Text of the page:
Monday, 26 September 2016

Book Review - Death of Robin Hood Angus Donald

With this instalment we reach the end of Angus Donald's clever retelling of the Robin Hood story.  I've really enjoyed this series over the years I've been reading them.  It all started out with Alan Dale a young lad in Nottingham just to learn how to survive.  He was taken under the wing of a bunch of notorious outlaws around the Sherwood Forest and he has forever been one of Robin Hood's men.  We long ago learnt that Robin Hood is in fact a noble man and a Lord himself but he roguish nature always looking to profit for himself make him the outlaw we know.  The books have always been written from Alan's point of view as an old man recounting his youthful, and now not so youthful, adventures with his Lord.

Obviously the main plot feature is given away in the title but the suspense of exactly how Robin dies if left to the very end of the book and is an emotionally engaging story in itself.  We join the action soon after the signing of the Magna Carta.  I was personally instantly engaged in the action as it starts with the start of the siege of Rochester Castle in 1215 when the rebel barons of England are at war with King John.  I live close to Rochester and have frankly am often in the shadow of the castle without remember this darkest of its days.  You can still see on the south east corner where the tower of the outer walls were replaced and the tower of the keep also after the siege ended with mining of the walls and tower and bombardment.  After finishing the book last week

The rebels want the king to honour the now infamous document and stop bleeding them dry with taxes and not listening to their counsel.  King John continues to be portrayed as a cruel coward but to be fair that is how most of history views him.  Robin and Alan make alliances of convenience as Prince Louis of France uses the rebellion to assert his claim on the throne of England.  You do wonder what would have happened if they had won?  What would British history now look like I wonder?  I'm glad that Angus points out the often incorrectly attested view that England has never been invaded since 1066.  A stones throw from Rochester Castle is Upnor Castle - It is on the opposite bank of the Medway a mile or so further downstream.  That castle played an important part in repelling Dutch invasion forces some 452 years later after they had already set foot ashore on the Isle Of Sheppey.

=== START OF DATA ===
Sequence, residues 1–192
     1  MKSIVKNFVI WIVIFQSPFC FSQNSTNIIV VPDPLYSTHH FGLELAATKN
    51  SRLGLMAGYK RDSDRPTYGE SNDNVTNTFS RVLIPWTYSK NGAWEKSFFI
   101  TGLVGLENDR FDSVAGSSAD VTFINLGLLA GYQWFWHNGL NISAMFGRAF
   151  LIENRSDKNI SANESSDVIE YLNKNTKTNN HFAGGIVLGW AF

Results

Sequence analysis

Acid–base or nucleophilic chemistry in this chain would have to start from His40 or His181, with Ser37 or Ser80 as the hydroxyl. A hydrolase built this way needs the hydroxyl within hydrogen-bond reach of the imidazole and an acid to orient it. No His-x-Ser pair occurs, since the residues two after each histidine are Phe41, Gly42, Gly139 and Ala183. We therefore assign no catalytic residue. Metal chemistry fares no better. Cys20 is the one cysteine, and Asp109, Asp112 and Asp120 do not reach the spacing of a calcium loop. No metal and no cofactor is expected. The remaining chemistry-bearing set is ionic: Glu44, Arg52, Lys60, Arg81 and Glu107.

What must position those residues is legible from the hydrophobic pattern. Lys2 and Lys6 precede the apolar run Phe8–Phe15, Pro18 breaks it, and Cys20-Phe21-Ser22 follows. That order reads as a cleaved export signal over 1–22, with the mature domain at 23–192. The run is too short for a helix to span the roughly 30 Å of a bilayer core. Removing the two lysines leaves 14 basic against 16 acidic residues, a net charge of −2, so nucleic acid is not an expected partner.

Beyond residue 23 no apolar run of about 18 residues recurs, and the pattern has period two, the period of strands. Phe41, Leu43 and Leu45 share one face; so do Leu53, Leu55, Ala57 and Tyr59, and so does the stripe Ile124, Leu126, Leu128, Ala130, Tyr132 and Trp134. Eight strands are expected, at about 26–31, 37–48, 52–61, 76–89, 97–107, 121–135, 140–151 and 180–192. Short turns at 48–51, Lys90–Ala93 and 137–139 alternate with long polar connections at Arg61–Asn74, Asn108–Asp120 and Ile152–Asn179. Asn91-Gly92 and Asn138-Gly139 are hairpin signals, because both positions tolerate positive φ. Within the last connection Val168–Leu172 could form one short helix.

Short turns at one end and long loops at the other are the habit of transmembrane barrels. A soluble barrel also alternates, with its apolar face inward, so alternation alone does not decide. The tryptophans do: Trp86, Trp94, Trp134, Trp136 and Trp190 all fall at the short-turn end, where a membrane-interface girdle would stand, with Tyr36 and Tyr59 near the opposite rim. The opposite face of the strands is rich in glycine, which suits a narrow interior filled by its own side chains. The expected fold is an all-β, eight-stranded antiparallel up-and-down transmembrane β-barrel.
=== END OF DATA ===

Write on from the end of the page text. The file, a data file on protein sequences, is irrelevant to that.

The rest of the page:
Anyway back to the story.  This book is an excellent ending to the series book 8 of the merry men's adventures and with only Alan and Robin left from the original band Robin bowing out soon after King John has gone and the famous William the Marshal (Possibly Britain's greatest ever soldier) finally quells the rebellion and ousts the French upstart from England leave the boy king Henry III to rule in peace - well for a while.  

Cracking good read as have all the series been with much historical accuracy and research and where Angus has bent truth for the purposes of story telling he is generous to tell us post the Epilogue.  If you like good historical fiction this is some of the very best.  I look forward to where Angus will next take us.

Two thumbs up on the FITUBRS*

* Furtheron International Thumbs Up Book Review Scale -
lowest is both thumbs down with a frown
two thumbs down,
one thumb horizontal,
two thumbs horizontal,
one thumb up,
two thumbs up
two thumbs up with a grin - very rarely awarded

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